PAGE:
75 Kendall Avenue, Framingham, MA 01701.
I acquired an old Smith-Langmaid marine engine in June 1988 after it had been an ornament in a stone wall for more than 20 years.
Fortunately an opening in the engine once occupied by an ignitor had been covered by a small metal plate, but when I attempted to turn the heavy flywheel it became obvious that the piston was frozen to the cylinder wall.
After trying several methods recommended for freeing frozen pistons without any result, the use of a welder's torch was successful and the piston came loose. The piston, connecting rod, two bearings, and the crankshaft were then removed from the engine's main frame.
The cylinder wall was smoothed with a honing tool powered by an electric drill, and after the piston rings had been removed, their grooves were cleaned.
After reinstalling the rings, the piston and connecting rod were reinstalled with some difficulty. The crankshaft and bearings were reinstalled, but a good mechanic would have replaced the bearings at this time. However, the engine was now back together again and the piston was operational.
Hose lines were connected to two fittings on the engine and after priming one of the lines and rotating the flywheel, it was determined that the engine's small water pump was operational.
Upon disassembling the brass carburetor, it was determined that something was missing. Jim Paquette of Uxbridge, Massachusetts, a machinist and owner of numerous gasoline engines, made a new needle valve and a seat for it and the carburetor became operational.
The brass parts were cleaned and their appearances were much improved by the efforts of my wife, Kay.
A new priming fitting was installed on top of the engine, a spark plug was installed on the plate covering once occupied by an ignitor, and a small Briggs & Stratton muffler was attached. A 3/16 inch thick asbestos gasket was made and installed between the frame and the spark plug plate.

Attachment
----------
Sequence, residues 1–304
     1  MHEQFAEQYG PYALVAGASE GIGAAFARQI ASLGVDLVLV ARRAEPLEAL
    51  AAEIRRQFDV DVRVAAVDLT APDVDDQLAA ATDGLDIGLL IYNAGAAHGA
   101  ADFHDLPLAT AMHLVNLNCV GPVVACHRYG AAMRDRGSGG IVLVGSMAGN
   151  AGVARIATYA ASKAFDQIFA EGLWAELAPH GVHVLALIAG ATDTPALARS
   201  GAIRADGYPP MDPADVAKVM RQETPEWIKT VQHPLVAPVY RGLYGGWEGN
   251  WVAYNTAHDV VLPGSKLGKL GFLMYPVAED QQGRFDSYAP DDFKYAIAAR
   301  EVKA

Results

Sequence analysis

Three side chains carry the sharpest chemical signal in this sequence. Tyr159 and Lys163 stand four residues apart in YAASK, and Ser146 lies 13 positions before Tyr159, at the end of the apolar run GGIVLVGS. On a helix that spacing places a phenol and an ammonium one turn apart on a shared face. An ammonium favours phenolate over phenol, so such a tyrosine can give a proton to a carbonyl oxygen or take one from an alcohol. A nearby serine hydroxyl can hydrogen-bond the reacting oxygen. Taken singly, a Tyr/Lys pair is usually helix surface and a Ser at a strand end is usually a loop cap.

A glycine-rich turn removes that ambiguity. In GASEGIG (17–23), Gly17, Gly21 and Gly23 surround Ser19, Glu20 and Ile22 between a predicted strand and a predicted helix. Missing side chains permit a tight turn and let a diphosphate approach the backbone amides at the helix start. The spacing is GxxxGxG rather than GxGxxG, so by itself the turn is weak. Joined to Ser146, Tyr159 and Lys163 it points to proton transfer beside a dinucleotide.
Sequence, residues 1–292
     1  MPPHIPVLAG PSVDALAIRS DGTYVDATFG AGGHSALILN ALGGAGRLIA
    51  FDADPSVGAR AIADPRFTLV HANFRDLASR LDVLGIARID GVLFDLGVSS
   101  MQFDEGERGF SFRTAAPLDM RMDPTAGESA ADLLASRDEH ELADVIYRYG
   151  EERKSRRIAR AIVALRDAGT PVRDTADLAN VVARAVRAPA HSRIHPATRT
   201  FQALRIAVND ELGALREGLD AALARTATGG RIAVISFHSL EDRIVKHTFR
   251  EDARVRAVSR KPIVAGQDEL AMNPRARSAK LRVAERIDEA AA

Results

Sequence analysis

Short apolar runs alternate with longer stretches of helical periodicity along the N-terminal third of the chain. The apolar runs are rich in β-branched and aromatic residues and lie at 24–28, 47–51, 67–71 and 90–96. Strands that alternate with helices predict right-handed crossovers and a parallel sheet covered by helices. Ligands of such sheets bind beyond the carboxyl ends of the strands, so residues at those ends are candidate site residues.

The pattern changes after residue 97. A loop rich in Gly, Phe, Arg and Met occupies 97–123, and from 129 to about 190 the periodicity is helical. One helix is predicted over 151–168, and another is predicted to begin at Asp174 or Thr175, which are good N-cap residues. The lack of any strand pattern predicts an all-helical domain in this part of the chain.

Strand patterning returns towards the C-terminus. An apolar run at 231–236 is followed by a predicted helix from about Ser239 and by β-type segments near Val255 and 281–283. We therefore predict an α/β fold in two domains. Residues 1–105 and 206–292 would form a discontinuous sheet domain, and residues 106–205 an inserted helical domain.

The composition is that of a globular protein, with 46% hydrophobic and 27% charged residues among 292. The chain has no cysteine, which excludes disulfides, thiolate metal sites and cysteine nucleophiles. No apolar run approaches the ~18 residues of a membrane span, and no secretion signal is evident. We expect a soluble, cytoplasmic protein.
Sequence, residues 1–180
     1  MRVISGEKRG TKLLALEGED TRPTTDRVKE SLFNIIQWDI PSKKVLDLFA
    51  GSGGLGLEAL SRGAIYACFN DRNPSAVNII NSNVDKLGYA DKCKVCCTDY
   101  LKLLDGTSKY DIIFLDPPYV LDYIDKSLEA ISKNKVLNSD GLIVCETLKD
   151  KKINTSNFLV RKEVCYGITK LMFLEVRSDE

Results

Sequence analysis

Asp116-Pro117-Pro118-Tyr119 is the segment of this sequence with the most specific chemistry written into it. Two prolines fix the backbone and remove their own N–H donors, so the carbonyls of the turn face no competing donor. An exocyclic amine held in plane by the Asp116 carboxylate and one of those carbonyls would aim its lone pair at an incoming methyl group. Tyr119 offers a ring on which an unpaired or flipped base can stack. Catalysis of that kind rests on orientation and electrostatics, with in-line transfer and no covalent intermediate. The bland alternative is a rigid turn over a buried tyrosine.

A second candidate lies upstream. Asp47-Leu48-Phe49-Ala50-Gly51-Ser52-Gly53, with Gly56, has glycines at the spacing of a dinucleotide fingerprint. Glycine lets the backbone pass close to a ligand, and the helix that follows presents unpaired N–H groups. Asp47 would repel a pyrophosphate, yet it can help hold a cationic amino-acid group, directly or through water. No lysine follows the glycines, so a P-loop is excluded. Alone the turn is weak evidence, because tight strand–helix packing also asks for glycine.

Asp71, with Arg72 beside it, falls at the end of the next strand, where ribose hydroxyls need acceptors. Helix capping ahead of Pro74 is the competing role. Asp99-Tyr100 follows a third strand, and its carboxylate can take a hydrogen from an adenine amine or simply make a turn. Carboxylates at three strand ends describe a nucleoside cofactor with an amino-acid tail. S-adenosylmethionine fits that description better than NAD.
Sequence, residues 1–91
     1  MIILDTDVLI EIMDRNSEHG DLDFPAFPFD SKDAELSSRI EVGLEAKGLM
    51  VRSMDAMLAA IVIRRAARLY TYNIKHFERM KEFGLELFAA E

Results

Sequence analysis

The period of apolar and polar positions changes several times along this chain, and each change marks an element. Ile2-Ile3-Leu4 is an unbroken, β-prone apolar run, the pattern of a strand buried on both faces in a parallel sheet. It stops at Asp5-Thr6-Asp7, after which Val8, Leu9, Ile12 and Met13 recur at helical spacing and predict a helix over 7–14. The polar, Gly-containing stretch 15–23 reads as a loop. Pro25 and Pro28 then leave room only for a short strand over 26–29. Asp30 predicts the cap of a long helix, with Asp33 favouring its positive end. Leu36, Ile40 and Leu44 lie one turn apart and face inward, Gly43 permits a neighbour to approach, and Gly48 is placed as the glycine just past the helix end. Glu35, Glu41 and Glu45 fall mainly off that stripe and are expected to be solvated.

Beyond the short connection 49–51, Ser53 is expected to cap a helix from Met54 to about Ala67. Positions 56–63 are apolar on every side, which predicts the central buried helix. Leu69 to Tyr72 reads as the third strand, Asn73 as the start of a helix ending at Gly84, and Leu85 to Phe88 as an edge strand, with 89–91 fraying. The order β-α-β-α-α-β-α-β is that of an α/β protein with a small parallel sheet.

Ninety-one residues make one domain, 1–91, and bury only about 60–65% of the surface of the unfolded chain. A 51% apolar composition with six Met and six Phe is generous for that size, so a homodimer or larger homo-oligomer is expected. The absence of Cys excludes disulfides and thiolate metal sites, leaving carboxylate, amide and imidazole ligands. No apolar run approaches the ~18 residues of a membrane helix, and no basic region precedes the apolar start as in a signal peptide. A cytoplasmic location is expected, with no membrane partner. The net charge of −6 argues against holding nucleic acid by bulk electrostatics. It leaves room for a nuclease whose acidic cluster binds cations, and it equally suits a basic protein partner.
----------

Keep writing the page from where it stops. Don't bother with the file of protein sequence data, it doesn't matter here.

The engine was bolted to a wooden framework which included a support for a former Briggs &. Stratton gasoline tank. A copper tubing line was fabricated and connected between the tank and the carburetor.
A shelf was provided in the wooden framework to hold a small magneto which, after some machine work, was coupled to the free end of the crankshaft. Ignition timing was accomplished and a vee-belt was installed between the flywheel and an electric motor which was also bolted down.
No hand cranking was done, the electric motor was used to turn the flywheel counterclockwise in order to operate the magneto in the correct direction.
A partial disassembly and cleaning of the magneto was found to be necessary, and after getting correct carburetor adjustments, the old engine came back to life and the electric motor was disconnected.
After working intermittently on this engine for two years, there was an element of satisfaction in seeing the engine in operation. However, wanting to work on other projects, I sold the engine and another small non-operating gasoline engine is now bolted to a workbench awaiting the day when, hopefully, it also will become an operational unit.
Incidentally, the Smith-Langmaid engine was built at Portland, Maine and a nameplate identifies it as being a Casco model. No information could be located on this engine and there was no response to a request carried in a Reflections column.